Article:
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Tom Tugendhat Knocked Out Of Tory Leadership Contest As Race Tightens

Tom Tugendhat Knocked Out Of Tory Leadership Contest As Race Tightens


3 min read

Tom Tugendhat has become the latest MP to be knocked out of the race to succeed Boris Johnson, with just four candidates now remaining as the contest enters its final days.

The foreign affairs committee chairman placed last in the third round of voting, which was held on Monday afternoon, eliminating him from the competition. 

The final four candidates – Rishi Sunak, Penny Mordaunt, Liz Truss and Kemi Badenoch – will face further rounds of voting on Tuesday and Wednesday until just two candidates remain.

The two remaining will then spend several weeks partaking in hustings around the country before the winner, and the next Prime Minister, is chosen in a postal ballot of Conservative party members, and announced on 5 September.

The resuts of the third round:

  • Rishi Sunak - 115
  • Penny Mordaunt - 82
  • Liz Truss - 71
  • Kemi Badenoch - 58
  • Tom Tugendhat - 31 (OUT)

Following the results, Tugendhat released a pre-recorded message in which he said it was "the end of the road" for him, but that he'd had "an amazing run".

"We fought for a clean start because we know that is what the country is crying out for. So now I'm going to be with you of course over the next two years fighting in the council elections, then fighting into the general election," he added.

"Because we need to make sure that our party, the Conservative Party, is able to deliver a clean start for the country for the country."

The battle to replace Johnson heated up over the weekend as the candidates took part in two televised debates on Channel 4 and ITV.

A third debate scheduled for Tuesday evening, however, was cancelled after Rishi Sunak and Liz Truss withdrew amid fears that the “blue-on-blue” attacks that dominated the first two debates are damaging the party.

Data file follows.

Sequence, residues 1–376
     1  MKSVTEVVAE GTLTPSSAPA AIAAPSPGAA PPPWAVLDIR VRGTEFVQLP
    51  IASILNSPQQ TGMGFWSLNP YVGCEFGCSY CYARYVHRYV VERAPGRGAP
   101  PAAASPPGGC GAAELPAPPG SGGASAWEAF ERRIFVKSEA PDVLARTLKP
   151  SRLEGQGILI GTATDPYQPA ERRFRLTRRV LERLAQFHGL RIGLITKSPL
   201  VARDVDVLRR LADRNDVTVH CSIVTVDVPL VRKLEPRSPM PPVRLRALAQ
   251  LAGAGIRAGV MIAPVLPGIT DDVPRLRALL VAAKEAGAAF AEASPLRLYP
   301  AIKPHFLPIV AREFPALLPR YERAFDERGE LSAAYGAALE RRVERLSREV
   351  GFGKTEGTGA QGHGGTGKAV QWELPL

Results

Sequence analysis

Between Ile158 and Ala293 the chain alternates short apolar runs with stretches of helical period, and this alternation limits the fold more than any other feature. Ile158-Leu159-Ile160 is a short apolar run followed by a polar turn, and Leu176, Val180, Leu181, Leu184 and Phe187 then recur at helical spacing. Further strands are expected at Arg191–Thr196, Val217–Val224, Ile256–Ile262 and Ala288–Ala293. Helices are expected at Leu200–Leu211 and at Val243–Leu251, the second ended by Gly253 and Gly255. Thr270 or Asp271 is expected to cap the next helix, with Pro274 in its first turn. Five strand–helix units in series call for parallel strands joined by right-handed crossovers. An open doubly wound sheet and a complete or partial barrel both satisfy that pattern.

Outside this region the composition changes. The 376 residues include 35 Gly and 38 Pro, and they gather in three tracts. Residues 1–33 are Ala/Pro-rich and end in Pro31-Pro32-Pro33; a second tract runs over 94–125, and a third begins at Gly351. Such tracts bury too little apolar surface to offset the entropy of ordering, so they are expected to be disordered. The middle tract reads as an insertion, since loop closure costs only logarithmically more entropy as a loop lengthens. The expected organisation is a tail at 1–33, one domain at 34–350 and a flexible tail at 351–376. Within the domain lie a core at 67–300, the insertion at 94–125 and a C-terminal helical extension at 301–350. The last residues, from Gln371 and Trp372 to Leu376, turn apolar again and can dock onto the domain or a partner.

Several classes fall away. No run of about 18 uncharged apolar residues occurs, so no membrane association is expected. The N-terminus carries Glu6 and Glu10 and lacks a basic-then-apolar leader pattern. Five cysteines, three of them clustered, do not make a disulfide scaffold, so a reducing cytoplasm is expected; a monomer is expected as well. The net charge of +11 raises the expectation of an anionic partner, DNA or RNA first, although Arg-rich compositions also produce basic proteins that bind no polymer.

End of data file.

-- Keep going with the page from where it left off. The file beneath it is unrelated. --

During debates on Friday and Sunday evenings, Truss and Sunak repeatedly clashed on their plans for the economy, while Badenoch heavily criticised fellow contenders Mordaunt and Tugendhat. 

A spokesperson for the Truss campaign called the Channel 4 debate, held on Friday evening, a “massive mistake” which candidates were “wrong to take part in”.

Team Sunak, meanwhile, suggested they’d be happy to take part in further debates “if we are lucky enough to get to the next stage”.

Polling following the two debates at the weekend was mixed, with Tom Tugendhat doing well in both despite struggling to find support within the party.

Snap polling, conducted by Opinium, taken after the Channel 4 debate put Tugendhat in the lead with 36 per cent thinking he did best, while Sunak came in second at 25 per cent. After the ITV debate, however, Sunak took the lead with 24 per cent thinking he did best, compared to 19 per cent for Tugendhat.

As things stand, Sunak is expected to have enough MPs on board to secure his place in the final two.

Mordaunt's strong early performance, which has largely caught Westminster by surprise, has put Truss under pressure to find the votes she needs as other candidates drop out of the race if she is to leapfrog the Trade Minister into second place.

Truss' campaign received a timely boost on Thursday when she was endorsed by staunch Brexiteer Suella Braverman, who was eliminated from the contest earlier in the day.

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